For a great many people alcohol is an important part of their life. At social events, business meetings and family gatherings, it is something that brings people together. There are also a lot of people that enjoy relaxing with a glass of wine or beer in the evening. If alcohol needed to be suddenly eliminated it would make it difficult for those that consume it socially and use it in the evening as a way to reduce stress. Here we’ll take a look at some facts about alcohol and IBS.
Are There Health Risks That Come With Drinking Alcohol?
The risk of alcohol is directly associated with the amount that is consumed. There are a number of studies that suggest that moderate amounts of alcohol can actually be healthy for someone. If someone consumes a minimal or moderate amount throughout the week, then it is believed that can reduce the person’s risks of developing heart disease.
There is a wide range of illnesses that are directly related to stress and for some people, consuming a moderate amount of alcohol actually helps them reduce their levels of stress in the evenings. This and the other reasons mentioned mean that moderate consumption of alcohol can be healthy. Stress is a contributor to IBS and if someone is able to reduce their stress then that would be helpful for that condition.
Excessive drinking has a number of health consequences. Binge drinking has been found in a number of studies to increase risks to one’s health. It puts a person at increased risk of developing a dependence on alcohol and could cause their blood pressure to go up. There is an associated risk of cancer development in those who consume excessive amounts of alcohol. There’s also an increased risk of stroke.
The overconsumption of alcohol has also been found to exacerbate depression and anxiety and sometimes causes mental health problems. All of those issues can contribute to exacerbating conditions related to IBS. These facts mean that it really comes down to the amount of consumption someone is doing.
What The Research Shows About Alcohol And IBS
In scientific studies, there currently hasn’t been any link found between the development of IBS and the consumption of alcohol. This doesn’t necessarily mean that IBS and alcohol are a non-issue. It simply means that the evidence today does not show that there is any direct link between the development of irritable bowel syndrome and the consumption of alcohol.
What is known is that the excessive consumption of alcohol can cause related health issues that exacerbate the condition if it already exists. This means if someone has IBS and they are binge drinking then they are likely to cause the condition to be worse. In fact, there is some evidence to suggest that binge drinking in women particularly cause significant increases in symptoms related to IBS.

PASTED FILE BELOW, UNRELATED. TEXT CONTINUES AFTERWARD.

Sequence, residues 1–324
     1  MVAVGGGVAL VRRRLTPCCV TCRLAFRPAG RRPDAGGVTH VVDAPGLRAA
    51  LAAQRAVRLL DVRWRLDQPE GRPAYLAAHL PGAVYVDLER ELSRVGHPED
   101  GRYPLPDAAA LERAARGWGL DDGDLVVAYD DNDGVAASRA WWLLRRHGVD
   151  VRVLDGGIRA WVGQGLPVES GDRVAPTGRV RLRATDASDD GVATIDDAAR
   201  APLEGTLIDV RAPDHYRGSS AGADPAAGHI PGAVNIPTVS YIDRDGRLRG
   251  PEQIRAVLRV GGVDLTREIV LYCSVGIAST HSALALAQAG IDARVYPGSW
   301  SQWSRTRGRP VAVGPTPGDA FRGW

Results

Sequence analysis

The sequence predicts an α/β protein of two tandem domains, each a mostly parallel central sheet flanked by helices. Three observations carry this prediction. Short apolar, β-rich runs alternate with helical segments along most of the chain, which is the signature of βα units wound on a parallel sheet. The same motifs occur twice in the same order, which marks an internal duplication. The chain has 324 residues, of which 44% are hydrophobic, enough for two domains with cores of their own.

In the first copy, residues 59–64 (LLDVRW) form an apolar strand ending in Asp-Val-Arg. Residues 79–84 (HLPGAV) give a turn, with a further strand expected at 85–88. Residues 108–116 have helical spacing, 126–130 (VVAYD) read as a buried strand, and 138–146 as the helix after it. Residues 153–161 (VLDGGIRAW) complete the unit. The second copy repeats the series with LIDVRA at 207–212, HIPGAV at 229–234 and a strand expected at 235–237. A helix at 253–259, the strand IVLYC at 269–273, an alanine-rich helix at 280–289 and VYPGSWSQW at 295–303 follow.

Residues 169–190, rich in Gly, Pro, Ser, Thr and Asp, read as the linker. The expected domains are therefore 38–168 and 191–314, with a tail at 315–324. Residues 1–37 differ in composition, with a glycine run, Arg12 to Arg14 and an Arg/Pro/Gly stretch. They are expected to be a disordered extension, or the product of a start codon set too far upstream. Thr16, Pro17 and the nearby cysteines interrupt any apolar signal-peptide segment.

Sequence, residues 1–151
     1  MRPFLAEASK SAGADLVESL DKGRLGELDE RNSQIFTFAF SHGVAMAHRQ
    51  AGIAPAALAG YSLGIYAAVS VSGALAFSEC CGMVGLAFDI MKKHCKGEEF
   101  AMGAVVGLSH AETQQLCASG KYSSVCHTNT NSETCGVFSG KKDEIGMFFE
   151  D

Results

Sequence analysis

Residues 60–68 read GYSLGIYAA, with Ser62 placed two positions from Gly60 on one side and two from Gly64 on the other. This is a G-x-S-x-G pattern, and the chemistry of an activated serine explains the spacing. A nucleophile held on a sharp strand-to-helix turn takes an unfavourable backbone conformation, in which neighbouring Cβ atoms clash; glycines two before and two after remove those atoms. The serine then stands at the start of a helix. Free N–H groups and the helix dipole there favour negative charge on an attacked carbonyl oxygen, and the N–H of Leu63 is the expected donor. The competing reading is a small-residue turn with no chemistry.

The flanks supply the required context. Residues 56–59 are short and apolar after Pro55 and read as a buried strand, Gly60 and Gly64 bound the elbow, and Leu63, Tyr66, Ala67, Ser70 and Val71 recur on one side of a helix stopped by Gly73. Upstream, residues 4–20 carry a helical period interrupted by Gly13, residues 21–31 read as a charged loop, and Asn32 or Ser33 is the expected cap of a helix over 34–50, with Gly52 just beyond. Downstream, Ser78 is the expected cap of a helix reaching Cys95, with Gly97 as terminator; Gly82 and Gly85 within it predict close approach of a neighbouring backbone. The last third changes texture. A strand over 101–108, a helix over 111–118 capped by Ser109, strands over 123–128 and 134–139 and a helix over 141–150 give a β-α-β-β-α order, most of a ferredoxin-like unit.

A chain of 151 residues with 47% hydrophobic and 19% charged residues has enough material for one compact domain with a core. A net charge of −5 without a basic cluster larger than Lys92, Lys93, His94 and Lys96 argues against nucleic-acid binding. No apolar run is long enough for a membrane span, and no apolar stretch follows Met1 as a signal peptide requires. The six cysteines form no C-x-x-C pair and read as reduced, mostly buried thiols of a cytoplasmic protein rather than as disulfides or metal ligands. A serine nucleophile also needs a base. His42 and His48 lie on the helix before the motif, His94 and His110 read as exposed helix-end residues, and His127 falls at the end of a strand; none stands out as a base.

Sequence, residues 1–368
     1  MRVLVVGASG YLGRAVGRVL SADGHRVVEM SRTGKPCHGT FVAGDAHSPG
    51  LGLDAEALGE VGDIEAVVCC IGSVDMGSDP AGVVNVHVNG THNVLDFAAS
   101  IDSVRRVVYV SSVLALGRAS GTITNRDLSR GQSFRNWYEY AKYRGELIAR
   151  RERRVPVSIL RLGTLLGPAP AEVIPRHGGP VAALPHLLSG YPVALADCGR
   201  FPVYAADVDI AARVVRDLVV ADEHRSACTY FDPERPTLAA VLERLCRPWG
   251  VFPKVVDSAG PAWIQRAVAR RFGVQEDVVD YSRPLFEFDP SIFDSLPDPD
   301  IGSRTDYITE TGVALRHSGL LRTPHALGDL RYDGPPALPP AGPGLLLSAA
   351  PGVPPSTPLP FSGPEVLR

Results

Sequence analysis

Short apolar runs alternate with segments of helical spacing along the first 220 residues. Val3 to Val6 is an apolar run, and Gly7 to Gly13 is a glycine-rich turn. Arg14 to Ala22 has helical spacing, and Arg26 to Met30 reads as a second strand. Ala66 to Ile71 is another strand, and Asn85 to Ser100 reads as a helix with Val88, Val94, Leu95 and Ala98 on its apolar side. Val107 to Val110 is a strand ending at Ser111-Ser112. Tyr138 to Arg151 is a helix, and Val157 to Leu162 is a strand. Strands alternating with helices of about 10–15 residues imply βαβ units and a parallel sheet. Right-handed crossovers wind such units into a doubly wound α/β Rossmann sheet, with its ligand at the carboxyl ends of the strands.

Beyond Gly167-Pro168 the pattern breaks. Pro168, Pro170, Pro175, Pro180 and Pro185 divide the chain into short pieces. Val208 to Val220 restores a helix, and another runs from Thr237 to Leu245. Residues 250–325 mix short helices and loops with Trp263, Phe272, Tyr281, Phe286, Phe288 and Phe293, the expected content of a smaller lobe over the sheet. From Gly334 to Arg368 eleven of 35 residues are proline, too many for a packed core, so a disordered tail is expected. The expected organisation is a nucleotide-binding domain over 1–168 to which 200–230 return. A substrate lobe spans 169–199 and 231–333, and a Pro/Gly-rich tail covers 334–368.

There has been some evidence to suggest that there are certain types of carbohydrates that tend to exacerbate symptoms in those who have IBS. This means that it is better to stay away from those carbohydrates and consume others. When it comes to alcohol and IBS there are certain drinks that are considered better than others. For example, it is thought that beer, red and white wine, vodka and whiskey are some of the better alcoholic drinks to consume for those with IBS. Even so, it is highly recommended that consumption be kept to a moderate amount.
Rum, as an example, has been found to be one of those alcoholic drinks that would not be recommended. The reason is that it contains fructose. Those with this condition often experience symptoms from IBS when consuming too much fructose. This would mean that it’s also important to refrain from using mixers that contain fructose. Even mixing your drinks with fruit juices often causes problems with symptoms. The reason is that the fruit juices contain fructose and that has been associated with exacerbating symptoms.
A Final Word About Drinking With IBS
There’s little evidence that suggests that the consumption of alcohol will cause the development of IBS. There is also little evidence that the moderate consumption of alcohol would be disruptive for someone who has IBS. What is clear is that the excessive consumption or binge drinking of alcohol could be disruptive to someone with IBS. This means that alcohol consumption should be kept to a minimum or to a moderate level.